All that urgency! Not what the earth is about!

How silent the trees, their poetry being of themselves only. I want to take slow steps, and think appropriate thoughts.

In ten thousand years, maybe, a piece of the mountain will fall.

~ Mary Oliver, The Poet Dreams of the Mountain. Swan: Poems and Prose Poems


Photo: NerySoul

Saturday Morning Work-Out Inspiration

exercise,bike,bicycling,read,book


Italian Lucio Santin enjoys the sunny spring weather at the English Garden in downtown Munich. (Source: Michaela Rehle @ wsj.com Photo of the Day 4/9/15)

A dog’s love


“Heartbreaking photos show grieving Bird and stray dogs attend funeral of woman who fed them.

These heartbreaking photos prove that a dog’s love knows no bounds as a collection of stray pooches pay tribute at the funeral of a woman who showed them kindness. Lying in the floors and trotting through the aisles, the dogs congregated at the funeral of Margarita Suarez – much to the surprise of the woman’s friends and family. Margarita, from Merida in Mexico, frequently took time out of her day to care for stray dogs and cats by giving them food in the morning. She would also take a bag of food out with her during the day, and treat other stray dogs she passed to a tasty treat. Dogs from all around the area would huddle around the caring woman when she passed them by, but they were evidently left heartbroken after Margarita passed away.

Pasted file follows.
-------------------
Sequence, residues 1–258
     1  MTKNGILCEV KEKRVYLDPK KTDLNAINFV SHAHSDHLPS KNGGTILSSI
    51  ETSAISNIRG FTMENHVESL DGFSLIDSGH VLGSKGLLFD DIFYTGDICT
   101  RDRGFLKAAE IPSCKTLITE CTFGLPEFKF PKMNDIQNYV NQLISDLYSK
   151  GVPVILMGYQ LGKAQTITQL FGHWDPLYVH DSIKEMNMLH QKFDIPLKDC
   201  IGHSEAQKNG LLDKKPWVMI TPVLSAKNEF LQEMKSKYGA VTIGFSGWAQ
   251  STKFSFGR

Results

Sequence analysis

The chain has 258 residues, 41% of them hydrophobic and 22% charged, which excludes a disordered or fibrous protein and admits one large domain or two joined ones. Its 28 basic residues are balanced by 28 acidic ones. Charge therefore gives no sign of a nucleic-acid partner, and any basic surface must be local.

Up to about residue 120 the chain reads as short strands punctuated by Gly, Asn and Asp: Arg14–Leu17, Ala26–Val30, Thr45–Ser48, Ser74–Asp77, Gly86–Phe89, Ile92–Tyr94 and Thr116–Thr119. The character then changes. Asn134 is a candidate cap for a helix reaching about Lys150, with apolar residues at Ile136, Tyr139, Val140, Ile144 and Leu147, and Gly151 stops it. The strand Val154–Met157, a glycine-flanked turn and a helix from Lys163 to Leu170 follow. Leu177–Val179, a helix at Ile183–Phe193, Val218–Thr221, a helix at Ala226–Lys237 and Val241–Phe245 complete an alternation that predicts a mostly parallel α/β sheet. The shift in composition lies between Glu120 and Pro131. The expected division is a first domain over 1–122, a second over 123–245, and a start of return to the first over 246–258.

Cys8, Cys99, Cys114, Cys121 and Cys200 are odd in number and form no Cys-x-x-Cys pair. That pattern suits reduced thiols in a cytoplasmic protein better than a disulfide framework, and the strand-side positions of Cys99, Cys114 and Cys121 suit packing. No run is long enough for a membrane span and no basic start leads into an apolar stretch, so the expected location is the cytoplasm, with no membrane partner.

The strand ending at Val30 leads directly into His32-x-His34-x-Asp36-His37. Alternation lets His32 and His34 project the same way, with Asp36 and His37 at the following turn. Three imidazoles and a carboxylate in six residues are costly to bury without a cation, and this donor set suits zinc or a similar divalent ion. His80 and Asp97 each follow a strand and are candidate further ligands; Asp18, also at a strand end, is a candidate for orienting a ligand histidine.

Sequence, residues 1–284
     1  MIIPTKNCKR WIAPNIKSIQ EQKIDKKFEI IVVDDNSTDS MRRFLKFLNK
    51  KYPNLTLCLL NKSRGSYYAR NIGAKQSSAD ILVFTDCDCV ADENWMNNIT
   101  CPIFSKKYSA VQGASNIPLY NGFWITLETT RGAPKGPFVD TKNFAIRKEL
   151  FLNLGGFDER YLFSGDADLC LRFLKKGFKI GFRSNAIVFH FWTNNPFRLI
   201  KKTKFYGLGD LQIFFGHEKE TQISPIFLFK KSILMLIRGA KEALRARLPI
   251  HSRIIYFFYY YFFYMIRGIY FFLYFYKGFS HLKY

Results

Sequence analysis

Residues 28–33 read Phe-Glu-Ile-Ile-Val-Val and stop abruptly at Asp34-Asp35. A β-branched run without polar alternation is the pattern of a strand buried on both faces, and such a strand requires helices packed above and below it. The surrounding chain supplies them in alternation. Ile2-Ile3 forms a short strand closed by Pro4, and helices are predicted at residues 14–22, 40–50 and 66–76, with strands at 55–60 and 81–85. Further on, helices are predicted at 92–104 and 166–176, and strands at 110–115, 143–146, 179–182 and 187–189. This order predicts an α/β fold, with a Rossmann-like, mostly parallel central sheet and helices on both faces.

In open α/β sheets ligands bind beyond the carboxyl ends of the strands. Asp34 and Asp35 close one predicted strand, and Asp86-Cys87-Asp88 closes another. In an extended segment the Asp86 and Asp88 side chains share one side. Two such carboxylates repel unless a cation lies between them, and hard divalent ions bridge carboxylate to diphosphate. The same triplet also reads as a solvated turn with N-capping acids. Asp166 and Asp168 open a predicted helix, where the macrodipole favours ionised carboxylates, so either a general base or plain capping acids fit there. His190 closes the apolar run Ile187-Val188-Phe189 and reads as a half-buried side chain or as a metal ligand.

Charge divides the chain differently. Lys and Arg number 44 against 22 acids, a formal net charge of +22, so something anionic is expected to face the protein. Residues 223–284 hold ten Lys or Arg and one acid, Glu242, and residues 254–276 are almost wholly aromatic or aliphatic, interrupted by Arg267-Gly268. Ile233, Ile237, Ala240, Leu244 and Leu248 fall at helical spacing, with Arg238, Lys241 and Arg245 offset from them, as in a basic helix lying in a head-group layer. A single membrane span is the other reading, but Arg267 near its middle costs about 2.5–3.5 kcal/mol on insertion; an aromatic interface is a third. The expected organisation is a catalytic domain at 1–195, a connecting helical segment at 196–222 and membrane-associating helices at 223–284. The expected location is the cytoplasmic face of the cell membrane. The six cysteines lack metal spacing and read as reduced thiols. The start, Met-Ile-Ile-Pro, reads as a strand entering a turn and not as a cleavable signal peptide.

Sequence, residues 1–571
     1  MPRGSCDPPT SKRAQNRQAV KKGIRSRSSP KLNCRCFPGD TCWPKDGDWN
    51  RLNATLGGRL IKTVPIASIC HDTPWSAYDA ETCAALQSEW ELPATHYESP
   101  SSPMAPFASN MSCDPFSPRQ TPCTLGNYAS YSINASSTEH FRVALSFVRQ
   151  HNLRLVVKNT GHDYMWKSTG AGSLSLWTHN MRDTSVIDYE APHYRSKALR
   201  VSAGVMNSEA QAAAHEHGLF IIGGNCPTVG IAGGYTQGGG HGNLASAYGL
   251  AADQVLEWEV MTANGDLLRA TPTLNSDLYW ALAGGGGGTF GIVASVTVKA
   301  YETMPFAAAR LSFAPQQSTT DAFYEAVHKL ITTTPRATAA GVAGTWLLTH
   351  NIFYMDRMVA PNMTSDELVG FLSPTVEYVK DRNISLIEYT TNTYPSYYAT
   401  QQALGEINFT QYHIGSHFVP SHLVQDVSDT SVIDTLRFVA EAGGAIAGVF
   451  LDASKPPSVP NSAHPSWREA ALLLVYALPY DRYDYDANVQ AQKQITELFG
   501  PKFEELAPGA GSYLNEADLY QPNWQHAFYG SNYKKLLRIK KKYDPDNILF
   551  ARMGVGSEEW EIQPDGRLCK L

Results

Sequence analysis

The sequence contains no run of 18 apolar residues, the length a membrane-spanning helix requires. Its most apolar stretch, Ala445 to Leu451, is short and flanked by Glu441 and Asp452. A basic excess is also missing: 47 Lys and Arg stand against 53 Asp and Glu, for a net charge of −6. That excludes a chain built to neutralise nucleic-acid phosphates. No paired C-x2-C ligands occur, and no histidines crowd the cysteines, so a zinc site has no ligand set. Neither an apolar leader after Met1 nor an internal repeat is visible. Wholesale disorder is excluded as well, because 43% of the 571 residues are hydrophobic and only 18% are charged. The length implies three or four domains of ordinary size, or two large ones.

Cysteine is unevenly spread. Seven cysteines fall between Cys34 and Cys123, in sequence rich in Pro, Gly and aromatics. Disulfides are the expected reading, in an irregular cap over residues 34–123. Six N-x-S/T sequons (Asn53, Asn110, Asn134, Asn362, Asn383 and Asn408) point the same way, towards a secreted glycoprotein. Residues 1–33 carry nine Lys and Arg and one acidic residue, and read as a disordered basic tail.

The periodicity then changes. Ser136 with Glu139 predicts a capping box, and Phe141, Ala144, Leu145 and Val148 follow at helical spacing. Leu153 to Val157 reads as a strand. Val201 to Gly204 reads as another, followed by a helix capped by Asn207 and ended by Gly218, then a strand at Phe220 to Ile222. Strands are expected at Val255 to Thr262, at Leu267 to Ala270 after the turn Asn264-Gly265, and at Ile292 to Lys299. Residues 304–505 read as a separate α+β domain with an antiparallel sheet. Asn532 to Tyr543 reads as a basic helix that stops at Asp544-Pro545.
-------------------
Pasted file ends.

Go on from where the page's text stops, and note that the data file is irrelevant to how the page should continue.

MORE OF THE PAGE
According to Misiones Online, the caring woman, who’s age has not been revealed, died after her health took a poor turn at the beginning of March. The family then began organising the funeral but were stunned when animals began arriving at the parlour where her mother’s body was being kept. Workers at the funeral home denied any knowledge of the animals and said they had never seen them before.